Walt meets a representative of the T'suu Tina First Nation.

A Calgary custom is to gift visitors to the city with a trademark white stetson, which then-mayor Grant MacEwan did, warning Walt: "Unless you wear one of these white hats while you're here you might be charged with indecent exposure." Getting your own cowboy hat signed by Walt became a prize of distinction, and before he could escape to the waiting 1925 Lincoln convertible, he was mobbed once again. Laughing, he was heard to say to Lillian "Oh, oh, we're in trouble." (The Albertan, July 5, 1965.)

Walt wasn't the only one to debut on Calgary's airfield that day. Along with him came Bertie Beaver, a new mascot developed by Disney as a "Smokey the Bear"-type character for Alberta's forests. (The Albertan, July 5, 1965.)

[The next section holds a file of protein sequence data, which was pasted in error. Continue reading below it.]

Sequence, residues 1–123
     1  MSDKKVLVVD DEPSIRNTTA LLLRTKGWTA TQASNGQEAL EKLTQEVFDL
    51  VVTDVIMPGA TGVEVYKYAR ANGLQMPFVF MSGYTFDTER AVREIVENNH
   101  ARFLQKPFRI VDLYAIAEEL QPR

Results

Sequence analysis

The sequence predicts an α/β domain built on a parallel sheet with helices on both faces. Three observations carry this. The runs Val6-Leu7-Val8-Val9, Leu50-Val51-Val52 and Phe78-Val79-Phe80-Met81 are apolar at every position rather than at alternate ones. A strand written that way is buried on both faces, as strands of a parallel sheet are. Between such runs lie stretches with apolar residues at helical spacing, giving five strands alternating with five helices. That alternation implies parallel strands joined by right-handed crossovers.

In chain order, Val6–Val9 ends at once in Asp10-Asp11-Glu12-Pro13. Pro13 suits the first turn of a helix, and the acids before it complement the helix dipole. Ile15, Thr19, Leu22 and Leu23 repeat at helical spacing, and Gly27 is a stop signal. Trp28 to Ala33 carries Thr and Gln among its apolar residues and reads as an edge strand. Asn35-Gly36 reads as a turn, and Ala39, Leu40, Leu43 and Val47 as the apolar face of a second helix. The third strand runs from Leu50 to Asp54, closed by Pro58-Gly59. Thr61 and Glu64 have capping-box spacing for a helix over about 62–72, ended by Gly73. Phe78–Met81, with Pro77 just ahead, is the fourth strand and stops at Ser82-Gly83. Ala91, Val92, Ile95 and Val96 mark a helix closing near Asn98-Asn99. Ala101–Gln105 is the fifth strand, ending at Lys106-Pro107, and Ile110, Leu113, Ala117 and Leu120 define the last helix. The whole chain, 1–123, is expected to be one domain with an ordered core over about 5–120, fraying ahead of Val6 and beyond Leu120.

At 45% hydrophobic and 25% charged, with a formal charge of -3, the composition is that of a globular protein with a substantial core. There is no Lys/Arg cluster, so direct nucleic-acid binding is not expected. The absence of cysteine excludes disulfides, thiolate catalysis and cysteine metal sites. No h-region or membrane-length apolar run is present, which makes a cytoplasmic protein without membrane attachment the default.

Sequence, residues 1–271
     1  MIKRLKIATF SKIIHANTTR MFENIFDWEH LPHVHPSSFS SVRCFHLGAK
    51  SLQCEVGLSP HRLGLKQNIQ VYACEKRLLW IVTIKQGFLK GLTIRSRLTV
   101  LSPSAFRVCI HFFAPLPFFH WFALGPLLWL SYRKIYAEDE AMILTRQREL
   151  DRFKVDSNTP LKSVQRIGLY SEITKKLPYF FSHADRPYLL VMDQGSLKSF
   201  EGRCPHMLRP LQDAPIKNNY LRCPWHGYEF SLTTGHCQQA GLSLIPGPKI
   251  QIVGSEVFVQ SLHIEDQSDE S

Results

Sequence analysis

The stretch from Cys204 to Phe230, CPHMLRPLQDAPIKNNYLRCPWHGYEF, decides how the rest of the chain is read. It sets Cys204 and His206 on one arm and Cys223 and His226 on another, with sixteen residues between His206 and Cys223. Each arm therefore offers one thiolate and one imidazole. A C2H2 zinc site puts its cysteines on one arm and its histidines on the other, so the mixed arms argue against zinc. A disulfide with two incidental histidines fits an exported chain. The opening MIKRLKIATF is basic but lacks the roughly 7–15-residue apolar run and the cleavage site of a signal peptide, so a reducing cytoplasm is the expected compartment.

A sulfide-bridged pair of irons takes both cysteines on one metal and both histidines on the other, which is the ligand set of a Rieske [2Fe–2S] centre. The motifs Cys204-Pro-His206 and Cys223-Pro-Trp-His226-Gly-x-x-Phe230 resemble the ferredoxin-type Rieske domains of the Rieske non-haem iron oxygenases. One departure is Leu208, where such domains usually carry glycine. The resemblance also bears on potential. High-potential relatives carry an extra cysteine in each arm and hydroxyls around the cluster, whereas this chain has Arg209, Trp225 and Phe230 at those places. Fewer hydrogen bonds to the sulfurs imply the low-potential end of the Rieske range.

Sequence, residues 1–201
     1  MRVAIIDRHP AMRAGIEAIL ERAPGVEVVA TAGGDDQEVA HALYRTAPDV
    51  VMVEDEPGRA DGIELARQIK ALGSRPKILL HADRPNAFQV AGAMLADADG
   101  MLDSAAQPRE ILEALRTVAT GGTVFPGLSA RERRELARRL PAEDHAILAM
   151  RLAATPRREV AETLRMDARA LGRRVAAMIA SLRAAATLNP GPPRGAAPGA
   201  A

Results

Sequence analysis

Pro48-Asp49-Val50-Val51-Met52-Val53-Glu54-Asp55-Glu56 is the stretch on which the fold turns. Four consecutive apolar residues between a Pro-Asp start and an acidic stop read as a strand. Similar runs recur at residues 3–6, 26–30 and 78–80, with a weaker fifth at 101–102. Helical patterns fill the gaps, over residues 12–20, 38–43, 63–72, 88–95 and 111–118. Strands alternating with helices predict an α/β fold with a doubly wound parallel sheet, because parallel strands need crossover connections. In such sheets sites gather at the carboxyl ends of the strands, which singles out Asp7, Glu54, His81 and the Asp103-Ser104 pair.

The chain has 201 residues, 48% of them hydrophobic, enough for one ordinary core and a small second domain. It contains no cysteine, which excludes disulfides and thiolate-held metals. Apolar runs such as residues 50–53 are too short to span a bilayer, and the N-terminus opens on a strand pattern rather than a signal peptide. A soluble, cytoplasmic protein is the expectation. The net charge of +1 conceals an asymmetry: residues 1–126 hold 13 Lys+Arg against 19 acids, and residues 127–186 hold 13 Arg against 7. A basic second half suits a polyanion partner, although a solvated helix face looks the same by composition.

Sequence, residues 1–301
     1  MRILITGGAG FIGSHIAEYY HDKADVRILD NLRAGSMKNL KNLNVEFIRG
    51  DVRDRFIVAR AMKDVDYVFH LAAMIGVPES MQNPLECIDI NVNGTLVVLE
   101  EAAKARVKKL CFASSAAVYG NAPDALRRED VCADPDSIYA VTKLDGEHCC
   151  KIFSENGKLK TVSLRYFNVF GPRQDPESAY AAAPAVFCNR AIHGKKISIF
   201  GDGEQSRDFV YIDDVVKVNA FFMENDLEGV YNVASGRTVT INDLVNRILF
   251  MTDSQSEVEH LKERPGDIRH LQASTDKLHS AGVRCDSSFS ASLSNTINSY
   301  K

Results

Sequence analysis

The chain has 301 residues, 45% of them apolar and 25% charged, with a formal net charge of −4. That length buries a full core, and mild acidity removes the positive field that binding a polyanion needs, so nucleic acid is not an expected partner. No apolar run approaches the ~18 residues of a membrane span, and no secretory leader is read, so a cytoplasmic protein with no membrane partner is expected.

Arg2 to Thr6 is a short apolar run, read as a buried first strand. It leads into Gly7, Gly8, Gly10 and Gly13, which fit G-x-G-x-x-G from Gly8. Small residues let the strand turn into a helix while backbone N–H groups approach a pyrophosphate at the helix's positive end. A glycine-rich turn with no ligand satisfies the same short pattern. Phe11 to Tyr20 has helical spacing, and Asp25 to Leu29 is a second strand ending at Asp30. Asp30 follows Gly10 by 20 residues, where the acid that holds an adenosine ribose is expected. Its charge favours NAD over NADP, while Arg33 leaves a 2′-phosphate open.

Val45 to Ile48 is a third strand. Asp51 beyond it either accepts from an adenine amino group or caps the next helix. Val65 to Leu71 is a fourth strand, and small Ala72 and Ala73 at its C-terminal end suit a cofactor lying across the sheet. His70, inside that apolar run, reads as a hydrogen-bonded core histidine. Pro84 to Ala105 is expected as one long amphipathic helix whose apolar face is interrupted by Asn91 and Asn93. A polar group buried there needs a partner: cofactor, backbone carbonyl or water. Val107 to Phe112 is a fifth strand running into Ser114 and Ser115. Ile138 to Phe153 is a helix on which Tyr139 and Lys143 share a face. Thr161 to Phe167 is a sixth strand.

An original fire danger board featuring Bertie.

Surviving the onslaught of fans, Walt and Lillian were whisked away to a press conference with local media, where he gave his thoughts on a variety of subjects. When asked about the lack of sex in his films, he quipped "I am about the only producer that never uses sex." On the differences in his films, he said of the recently released and very successful Mary Poppins: "It has had the biggest audience I have ever reached." by contrast, he said of Alice in Wonderland: "For a while I wished I had never attempted it." He even took a moment to promote the journey into the cosmos: